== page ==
Some players seem haloed in greatness from the moment we lay eyes on them. They don’t always attain it, but you see it with athletes like LeBron James or Kevin Durant within seconds: They are playing a different, easier game; they are competing more against history, against gravity, against spectral forces in the dark, than they are against the regular guys around them. Guys who are talented but not great. I’d argue that Giannis was one of these guys, first: a curio, an intriguing combination of traits and potential, but no more than that. He was regarded, in his early NBA days, as capable, not destined. “He looked like a guy who was going to be a project,” his long-time teammate Khris Middleton said. Giannis will tell you himself: “What I am today, nobody saw it. You know why nobody saw it? Because I didn’t see it. Ask my mom. No. ‘I thought you would be an NBA player and have a better life. Not what you are today.’ ”
What is he today? Something remarkable. Singular. One of one. All summer I’d be walking around, and flashes of the Finals, in which the Bucks beat the Phoenix Suns 4-2, would come back to me, unbidden. These moments are lore now. Giannis’s block on Deandre Ayton at the end of Game 4, a feat of athleticism so impossible and otherworldly that it’s even more confusing in slow motion, how he did it. Even to Giannis himself: “I look at the block—How the fuck did I do this shit? ” This is a player who had fallen to the floor two weeks earlier in Game 4 of the Eastern Conference finals with a left-knee injury so gruesome that he told me his knee looked like an elbow afterward. “My leg was the opposite way,” Giannis said. “To this day, I feel the effect, the traumatic stress. I still feel it, and I think I’m going to feel it until I die.”
Somehow he played in all six games of the Finals anyway. And when he jumped to block Ayton’s shot, that was the leg he jumped off. How the fuck is that possible? He was in one place and suddenly he was in a completely different place in about a millisecond.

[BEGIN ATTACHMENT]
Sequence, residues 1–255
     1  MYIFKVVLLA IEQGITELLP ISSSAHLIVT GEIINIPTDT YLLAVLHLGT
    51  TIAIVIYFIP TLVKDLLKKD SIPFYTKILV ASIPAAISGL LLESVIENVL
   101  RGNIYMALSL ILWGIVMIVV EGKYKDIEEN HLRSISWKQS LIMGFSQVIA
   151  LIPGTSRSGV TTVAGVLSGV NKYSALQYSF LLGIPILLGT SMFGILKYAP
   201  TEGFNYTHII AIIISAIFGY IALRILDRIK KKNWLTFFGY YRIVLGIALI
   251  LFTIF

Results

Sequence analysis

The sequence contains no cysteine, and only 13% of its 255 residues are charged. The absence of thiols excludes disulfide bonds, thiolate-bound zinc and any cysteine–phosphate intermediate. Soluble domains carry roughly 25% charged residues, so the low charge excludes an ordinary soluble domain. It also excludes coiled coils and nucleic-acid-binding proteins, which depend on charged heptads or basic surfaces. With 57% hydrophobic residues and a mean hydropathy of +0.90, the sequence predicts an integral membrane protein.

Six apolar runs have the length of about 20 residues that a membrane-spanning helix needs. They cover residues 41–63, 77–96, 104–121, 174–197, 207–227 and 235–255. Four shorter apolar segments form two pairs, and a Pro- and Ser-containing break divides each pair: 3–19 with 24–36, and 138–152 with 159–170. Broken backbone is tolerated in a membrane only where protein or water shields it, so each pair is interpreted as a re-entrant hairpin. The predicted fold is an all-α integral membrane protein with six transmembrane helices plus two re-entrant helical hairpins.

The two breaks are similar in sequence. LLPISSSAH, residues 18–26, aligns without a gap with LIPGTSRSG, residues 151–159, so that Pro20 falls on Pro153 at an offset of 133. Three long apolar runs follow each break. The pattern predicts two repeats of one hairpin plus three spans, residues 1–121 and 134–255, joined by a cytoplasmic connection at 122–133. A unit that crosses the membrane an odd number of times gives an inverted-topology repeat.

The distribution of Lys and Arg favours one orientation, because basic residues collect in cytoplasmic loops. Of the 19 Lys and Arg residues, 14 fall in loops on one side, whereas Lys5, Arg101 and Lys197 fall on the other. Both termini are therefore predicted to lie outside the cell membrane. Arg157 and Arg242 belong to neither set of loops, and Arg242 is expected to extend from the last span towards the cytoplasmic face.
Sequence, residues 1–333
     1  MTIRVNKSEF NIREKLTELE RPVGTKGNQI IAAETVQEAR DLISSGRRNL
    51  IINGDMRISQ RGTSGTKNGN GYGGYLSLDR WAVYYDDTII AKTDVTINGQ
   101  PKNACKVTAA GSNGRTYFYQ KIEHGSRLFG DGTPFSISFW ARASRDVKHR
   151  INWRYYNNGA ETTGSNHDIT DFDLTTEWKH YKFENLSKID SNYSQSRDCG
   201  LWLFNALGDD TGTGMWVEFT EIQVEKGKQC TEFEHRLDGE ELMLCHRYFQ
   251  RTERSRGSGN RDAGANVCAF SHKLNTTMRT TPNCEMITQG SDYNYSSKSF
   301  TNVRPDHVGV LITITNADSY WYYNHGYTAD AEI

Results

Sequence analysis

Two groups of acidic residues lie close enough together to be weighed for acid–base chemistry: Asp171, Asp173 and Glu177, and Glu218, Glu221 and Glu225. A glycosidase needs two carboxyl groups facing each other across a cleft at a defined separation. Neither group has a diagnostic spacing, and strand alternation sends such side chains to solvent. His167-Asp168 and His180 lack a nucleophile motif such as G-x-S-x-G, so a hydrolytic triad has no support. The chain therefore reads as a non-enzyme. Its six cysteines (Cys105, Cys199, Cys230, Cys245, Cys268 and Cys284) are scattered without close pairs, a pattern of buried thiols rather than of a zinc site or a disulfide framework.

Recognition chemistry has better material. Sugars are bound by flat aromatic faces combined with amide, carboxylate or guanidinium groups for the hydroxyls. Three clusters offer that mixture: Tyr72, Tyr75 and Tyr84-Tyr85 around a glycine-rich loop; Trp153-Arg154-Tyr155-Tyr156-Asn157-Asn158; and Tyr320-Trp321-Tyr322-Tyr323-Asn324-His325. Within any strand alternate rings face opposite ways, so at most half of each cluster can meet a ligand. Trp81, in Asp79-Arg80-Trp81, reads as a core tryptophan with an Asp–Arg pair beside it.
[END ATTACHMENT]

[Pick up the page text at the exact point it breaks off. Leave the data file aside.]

In the shower, after the next game, he started cramping; his lips turned purple; his hands got white. “I’m naked, I only have my towel,” lying on the trainer’s table, he remembered. “I ask, ‘Can you give me that trash can?’ Throw up five times.” They gave him an IV—he was so dehydrated it took them 45 minutes to find the vein. Then he went back to the hotel and got a second one. This happened again after Game 6, he said: that he needed an IV. In that game, he scored 50 points, even while there were possessions in the fourth quarter where it looked like he could barely walk up the floor. Went 17 of 19 from the free-throw line when all series he could barely make one of two. As pure an exercise of concentration and will as you could ever, or will ever, watch. Greatness achieved.
So: How does a now 26, formerly stateless kid from Greece become…this? A champion. One of the two or three best players in the league. Some of it, he said, is just luck, genetics. He is 6 feet 11. He’s 242 pounds. He moves so gracefully around his own house, even with the leftover limp from his knee injury in last year’s playoffs, that you are forced to reevaluate how poorly you’ve been getting around all these many years on this earth: Am I walking…wrong? Is there a better way? But the NBA is full of men who are tall and acrobatic. The body, sure, whatever, it’s impressive, but if you ask him how all this happened, what he’ll say is: “I’m going to work as hard as possible. God gave me that gift.”
Even the night his father passed. “I went to the gym,” Giannis said. “He was there with me.”